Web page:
Capital management is another consideration for LIC Boards. LICs that trade at a persistently large discount to their Net Tangible Assets (NTA) frustrate shareholders and can trigger closure or takeovers as stronger LICs acquire underperforming competitors.
Simply put, the LIC’s share price is less than the value of its underlying investments – thus the discount. Some investors argue that buying $1 worth of assets (the NTA) for, say, 80 cents (the share price) is an opportunity. But some LICs struggle to narrow the gap to their NTA because the market doubts their performance, personnel or dividend record. The discount can widen when the asset class the LIC invests in is out of favour or less liquid.
For LIC Boards, this means finding ways to reduce the discount to NTA and ideally trade at a slight premium to NTA. This could involve an on-market share buyback (as Platinum Capital and Platinum Asia have in place), although these have proven to have limited success. Alternatively, the LIC can strive for greater promotion among analysts and investors, to improve its share liquidity.
Capital raisings add other challenges for LIC Boards. Raise capital when the LIC trades at a large discount and existing shareholders can be diluted, depending on the instrument used. Raise capital when the LIC trades at a large premium and new investors overpay for assets.
Knowing if and when to wind up an underperforming LIC and return funds to shareholders is another LIC Board task.
Towers says this layer of governance from LIC Boards is valuable for investors. “I firmly believe every listed or unlisted entity that takes money from investors needs strong governance and oversight. There’s huge value in having an independent Board overseeing the LIC and ensuring all its shareholders are treated equally.”
Joanne Jefferies, General Counsel and Group Company Secretary at Platinum Asset Management, Platinum Capital and Platinum Asia Investments
Joanne Jefferies is General Counsel and Group Company Secretary at Platinum Asset Management, Platinum Capital and Platinum Asia Investments.
The role of the company secretary has evolved significantly over the years. Although traditionally responsible for coordinating Board meetings, papers and drafting minutes, company secretaries these days are expected to advise Boards and implement good corporate governance practices. Being officers, company secretaries also have certain statutory responsibilities.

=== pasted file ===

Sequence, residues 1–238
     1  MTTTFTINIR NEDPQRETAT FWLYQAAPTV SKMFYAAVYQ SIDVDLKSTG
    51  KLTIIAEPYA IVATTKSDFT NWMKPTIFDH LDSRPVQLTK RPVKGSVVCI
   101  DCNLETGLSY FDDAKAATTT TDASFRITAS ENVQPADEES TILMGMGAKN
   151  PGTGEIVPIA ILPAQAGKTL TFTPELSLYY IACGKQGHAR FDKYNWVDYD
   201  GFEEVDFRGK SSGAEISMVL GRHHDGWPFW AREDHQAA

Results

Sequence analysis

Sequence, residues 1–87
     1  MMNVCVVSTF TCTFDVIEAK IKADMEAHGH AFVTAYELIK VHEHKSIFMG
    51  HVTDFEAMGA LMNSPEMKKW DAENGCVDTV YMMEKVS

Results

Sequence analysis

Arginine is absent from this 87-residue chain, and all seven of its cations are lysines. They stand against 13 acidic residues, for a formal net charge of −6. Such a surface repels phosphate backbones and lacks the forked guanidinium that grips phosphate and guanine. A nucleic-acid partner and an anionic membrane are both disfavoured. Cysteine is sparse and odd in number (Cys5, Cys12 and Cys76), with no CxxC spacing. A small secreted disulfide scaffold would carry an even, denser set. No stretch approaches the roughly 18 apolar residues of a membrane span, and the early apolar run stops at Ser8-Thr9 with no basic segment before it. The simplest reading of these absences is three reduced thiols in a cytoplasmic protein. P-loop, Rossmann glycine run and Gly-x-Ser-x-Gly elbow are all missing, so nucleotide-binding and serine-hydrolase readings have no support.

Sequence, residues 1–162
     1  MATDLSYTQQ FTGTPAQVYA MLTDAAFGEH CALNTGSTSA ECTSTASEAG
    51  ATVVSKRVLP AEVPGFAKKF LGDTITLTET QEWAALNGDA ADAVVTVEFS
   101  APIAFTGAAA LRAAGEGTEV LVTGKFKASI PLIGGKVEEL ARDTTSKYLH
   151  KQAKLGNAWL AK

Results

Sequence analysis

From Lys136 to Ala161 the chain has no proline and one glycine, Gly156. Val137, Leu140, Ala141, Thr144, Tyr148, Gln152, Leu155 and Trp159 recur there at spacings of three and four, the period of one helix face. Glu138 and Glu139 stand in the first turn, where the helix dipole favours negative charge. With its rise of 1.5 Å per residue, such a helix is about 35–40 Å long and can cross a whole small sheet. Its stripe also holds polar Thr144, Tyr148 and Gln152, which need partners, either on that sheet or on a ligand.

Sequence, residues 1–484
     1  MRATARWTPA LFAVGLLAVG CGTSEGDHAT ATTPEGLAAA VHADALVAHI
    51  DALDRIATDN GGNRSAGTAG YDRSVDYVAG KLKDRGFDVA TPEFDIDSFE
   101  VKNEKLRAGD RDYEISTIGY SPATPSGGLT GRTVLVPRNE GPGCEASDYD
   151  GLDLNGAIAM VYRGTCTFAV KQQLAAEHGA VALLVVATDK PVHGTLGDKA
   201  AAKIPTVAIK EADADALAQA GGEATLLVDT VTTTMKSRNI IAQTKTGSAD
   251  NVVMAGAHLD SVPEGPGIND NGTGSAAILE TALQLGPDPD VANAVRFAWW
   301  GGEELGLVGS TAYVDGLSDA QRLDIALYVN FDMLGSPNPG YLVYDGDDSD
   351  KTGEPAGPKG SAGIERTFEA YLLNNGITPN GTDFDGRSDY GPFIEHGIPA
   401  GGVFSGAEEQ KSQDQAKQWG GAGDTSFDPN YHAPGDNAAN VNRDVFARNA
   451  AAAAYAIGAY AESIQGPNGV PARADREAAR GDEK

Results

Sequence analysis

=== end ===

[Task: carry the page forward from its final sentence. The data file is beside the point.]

Jefferies, a lawyer and corporate-governance expert, has worked in the financial services industry in several countries over the past 27 years. She joined Platinum in 2016 and liaises with Towers and other directors on Platinum’s LIC Boards.
She says LIC directors need a high level of financial literacy. “LIC boards spend a lot of time looking at investment performance, dividends, franking and other capital-management issues. They need skill and experience in compliance and risk management, and a deep understanding of their duties as directors.”
Platinum’s LIC boards meet quarterly, in addition to other discussions outside the Board-meeting cycle. “Regardless of the size of company, there’s a significant amount of work involved in being on a LIC Board,” says Jefferies. “In the LIC sector, there is a lot of money being invested on behalf of shareholders. As corporate entities, LICs are subject to the provisions of the Corporations Act 2001 and being listed on the sharemarket adds another dimension in terms of the ASX Listing Rules.”
Jefferies would like to see more women on Boards of LICs and in the financial services sector generally. “My observation is that gender diversity in Australian financial services lags other markets, such as the UK (where Jefferies worked for 11 years). You see too many women here leave the industry to raise families and then never move on to senior executive roles or Board positions. That’s a lost opportunity.”
Jefferies favours the introduction of quotas, where financial services Boards are required to meet diversity numbers. “That’s my personal view,” she says. “We need to get more women on Boards and quotas are a way to fast-track that. Some people disagree about the need for quotas, but I see firsthand the contribution women make on Boards and how Boards generally are better off having a mix of men and women.”